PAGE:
Because of the early stage of the project, technical questions such as which technology the currency will be built have yet to be solidified. The Digital Dollar Project is currently focused on gathering information and being what Giancarlo called a “thought leader” on the topic.
Clearly, the US aims to let other nations take the first step and iterate their own solution accordingly — similar to their broad and ongoing approach to cryptocurrency.
Of course, we also have to mention China.
The Chinese central bank (PBoC) announced in 2019 that it would introduce its own CBDC soon to reduce its dependence on the financial sector and to be able to offer digital transactions in central bank money. While that announcement seems to have been tied to pressures from the US-China trade war (and as we’ve discussed, FinTech is the new battleground of trade wars), those tensions have since abated somewhat.
Presumably, the aim is to expand upon the existing digital payments system (WeChat / AliPay) and monitor citizens’ financial transactions even more closely to “pool” them at the central bank. This solution could further exercise control on citizens and pairs well with the ongoing rollout of the social credit score system the Chinese are using.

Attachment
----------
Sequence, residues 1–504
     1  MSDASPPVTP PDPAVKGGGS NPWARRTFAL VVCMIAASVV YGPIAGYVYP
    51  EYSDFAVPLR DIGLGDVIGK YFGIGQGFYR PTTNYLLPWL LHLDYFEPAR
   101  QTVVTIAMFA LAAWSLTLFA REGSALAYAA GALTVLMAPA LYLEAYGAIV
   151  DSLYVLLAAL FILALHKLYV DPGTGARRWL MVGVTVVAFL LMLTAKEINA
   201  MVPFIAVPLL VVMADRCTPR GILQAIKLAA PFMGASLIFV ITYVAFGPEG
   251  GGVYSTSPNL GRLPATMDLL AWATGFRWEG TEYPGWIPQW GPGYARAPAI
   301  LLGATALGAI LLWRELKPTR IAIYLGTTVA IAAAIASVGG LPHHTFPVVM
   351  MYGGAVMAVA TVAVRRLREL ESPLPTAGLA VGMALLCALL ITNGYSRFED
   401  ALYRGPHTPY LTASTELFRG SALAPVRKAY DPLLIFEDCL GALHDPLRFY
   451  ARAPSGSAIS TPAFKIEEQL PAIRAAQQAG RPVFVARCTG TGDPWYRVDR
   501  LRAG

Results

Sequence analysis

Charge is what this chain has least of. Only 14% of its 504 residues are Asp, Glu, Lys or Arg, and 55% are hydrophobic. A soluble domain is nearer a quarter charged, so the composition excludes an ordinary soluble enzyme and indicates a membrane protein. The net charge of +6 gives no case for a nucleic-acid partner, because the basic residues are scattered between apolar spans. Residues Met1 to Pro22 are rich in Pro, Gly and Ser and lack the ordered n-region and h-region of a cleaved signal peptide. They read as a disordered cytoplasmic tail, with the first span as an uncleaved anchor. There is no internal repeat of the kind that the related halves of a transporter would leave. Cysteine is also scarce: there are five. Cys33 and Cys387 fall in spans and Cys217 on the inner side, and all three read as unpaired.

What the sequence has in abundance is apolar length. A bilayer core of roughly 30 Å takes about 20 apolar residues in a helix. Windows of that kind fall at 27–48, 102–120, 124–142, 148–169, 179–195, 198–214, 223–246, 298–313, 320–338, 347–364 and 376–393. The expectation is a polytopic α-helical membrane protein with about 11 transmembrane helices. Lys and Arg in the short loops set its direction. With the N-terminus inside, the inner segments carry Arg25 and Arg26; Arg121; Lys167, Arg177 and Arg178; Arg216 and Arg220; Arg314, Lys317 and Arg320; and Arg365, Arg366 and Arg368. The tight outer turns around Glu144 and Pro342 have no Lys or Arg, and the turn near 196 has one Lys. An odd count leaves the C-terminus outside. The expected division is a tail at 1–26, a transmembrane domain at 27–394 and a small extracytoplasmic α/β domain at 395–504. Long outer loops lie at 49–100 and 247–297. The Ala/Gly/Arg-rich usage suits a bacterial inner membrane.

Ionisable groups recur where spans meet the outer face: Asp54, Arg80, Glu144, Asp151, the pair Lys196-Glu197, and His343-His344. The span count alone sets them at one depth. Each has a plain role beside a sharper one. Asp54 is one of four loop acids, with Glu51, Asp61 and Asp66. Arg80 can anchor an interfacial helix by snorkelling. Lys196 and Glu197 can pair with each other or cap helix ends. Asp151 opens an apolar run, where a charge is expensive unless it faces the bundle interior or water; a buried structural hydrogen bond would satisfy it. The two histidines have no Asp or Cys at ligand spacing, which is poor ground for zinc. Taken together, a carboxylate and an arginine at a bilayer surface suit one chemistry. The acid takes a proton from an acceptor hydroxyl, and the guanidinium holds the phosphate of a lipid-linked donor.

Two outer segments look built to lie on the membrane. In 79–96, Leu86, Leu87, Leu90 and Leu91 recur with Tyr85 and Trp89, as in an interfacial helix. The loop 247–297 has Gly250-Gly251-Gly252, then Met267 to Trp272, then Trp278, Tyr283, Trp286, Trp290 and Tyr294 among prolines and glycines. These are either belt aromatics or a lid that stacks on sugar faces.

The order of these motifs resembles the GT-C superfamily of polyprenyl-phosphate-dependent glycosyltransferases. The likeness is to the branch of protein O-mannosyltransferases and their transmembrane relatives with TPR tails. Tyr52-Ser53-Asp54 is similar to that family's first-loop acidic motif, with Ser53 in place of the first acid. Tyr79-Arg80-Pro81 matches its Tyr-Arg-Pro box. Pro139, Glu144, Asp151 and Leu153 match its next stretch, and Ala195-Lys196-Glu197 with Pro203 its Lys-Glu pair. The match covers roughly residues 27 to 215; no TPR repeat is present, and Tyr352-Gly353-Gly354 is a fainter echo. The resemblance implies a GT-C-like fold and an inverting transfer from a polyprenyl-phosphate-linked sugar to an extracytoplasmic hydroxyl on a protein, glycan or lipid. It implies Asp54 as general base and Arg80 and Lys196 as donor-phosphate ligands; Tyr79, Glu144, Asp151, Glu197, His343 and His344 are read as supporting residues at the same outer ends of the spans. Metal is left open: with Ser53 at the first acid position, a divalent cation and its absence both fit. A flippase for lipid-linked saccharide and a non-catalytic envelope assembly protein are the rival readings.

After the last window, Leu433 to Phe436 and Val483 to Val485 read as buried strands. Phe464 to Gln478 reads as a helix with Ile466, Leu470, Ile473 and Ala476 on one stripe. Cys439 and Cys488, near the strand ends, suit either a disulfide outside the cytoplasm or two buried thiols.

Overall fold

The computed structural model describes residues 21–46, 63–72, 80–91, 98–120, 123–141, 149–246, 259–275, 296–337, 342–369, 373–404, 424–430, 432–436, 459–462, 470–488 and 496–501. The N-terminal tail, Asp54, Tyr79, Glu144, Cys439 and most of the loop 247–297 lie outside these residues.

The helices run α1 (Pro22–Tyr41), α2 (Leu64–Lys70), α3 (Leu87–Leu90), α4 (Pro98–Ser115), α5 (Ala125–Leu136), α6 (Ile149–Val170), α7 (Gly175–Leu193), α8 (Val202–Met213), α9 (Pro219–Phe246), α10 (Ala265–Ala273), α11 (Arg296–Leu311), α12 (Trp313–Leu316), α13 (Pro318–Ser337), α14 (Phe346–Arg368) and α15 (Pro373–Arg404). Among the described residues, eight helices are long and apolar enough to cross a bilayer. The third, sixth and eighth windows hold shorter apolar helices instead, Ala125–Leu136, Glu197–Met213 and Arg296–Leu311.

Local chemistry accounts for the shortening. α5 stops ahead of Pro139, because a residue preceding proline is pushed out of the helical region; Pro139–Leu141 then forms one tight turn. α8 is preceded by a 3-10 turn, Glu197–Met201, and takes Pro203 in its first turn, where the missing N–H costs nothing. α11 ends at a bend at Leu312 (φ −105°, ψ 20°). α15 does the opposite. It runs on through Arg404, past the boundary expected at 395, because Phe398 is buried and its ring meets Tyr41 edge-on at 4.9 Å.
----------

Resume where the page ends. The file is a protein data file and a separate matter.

Other smaller central banks (in Cambodia or the Marshall Islands) have also announced the issuance of a CBDC soon.
The direction is clear: more and more central banks are looking into the introduction of their own digital central bank currency. 2020 could, therefore, be the year in which the first CBDC is launched.
One of the leading candidates for that is the Euro.
Before we discuss the Crypto Euro, we should first define was CBDCs actually are.
Central Bank Digital Currencies (CBDC)
CBDC is, simply put, digitized cash. But, like we covered, this is more than just “digital fiat”.
The ECB defines CBDC as “a liability to a central bank that is made available to individual citizens in digital form” (ECB, 2019). CBDCs would thus represent a third form of central bank money, alongside banks’ reserves at the central bank and physical cash. Mind you, the goal would be to obfuscate that distinction as much as possible from end users — CBDCs, as the ECB see it, are first and foremost taking advantage of the triple-accounting nature of crypto.
In addition, a CBDC can generally be classified according to the following design features: